"Us got food at Costco," he told me.

"You did?" I asked. "Did you eat lunch there too?"

"No," he sighed. "Us cake...go nuzzy store...get more sood...go nuzzy store...get more sood...go nuzzy store..."

"You did a lot of shopping," I said.

"Yeah. My tummy is so dumpy! Me need 'unch!" he said.

So we gave him some lunch. At around 3:00. No big deal. And in our defense he got free samples at Costco so it's not like he was starving.

We had one of Andrew's colleagues and her husband over for dinner. We've been meaning to be more social with people in his program, but we're a little introverted and have a billion kids. Perhaps those are lame excuses but it's all we've got.

Friday, March 13, 2015

There is safety in following the prophet

Miriam's been trying to give a talk in primary for three months now. We were on the schedule in January but it was our first week back from our trip to Utah and we didn't get a reminder email so we completely spaced it. So we were put on the schedule for February, except the day that we were scheduled for ended up being the special stake conference. So we were put on the schedule for March and...we're so ready for this.

When I told Miriam her topic she asked for a paper, went into her bedroom, and emerged a few minutes later with this:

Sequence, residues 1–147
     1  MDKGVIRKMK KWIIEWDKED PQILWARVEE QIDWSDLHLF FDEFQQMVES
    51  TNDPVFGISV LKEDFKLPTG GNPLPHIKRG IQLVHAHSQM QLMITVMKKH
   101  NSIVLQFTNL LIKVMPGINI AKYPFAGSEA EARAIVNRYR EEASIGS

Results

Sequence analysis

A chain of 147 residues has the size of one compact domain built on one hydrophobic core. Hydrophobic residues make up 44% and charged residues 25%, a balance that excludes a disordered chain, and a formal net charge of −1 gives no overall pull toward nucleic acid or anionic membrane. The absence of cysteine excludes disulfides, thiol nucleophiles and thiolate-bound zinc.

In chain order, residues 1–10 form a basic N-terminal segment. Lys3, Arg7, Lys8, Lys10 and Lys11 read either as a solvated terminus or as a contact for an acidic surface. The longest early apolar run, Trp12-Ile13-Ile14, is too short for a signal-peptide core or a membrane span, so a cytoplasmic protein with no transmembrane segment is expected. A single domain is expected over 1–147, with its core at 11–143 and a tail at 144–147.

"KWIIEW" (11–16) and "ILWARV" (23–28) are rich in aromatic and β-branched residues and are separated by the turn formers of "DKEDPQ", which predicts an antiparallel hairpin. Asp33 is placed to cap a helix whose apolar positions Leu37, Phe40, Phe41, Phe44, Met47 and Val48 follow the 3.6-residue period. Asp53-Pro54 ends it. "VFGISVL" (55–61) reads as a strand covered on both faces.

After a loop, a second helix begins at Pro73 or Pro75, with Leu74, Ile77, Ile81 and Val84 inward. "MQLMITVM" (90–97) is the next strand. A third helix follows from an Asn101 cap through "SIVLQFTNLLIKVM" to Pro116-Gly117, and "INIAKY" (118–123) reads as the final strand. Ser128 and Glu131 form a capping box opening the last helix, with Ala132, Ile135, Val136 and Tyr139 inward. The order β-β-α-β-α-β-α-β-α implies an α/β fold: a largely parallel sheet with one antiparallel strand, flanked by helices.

Little things

"Me need change my pants and my underwear," Benjamin announced when he came inside for dinner last night. "But!" he explained, "But, me not pee my pants. Me just fall down in a puddy!"

And indeed he had. He was soaked with muddy water, which I'll take over pee any day.

We went on a mile-long walk this morning, going down a dead-end street we don't ordinarily walk down because I calculated it out and going down to the end of that street puts us at a half mile. The last time we went down that street was on the great sand-gathering expedition of 2014.

Miriam said, "Oh, I remember this street! It's a dead end! And I was so tired I had to ride home in the wheel barrow! I have such a good memory!"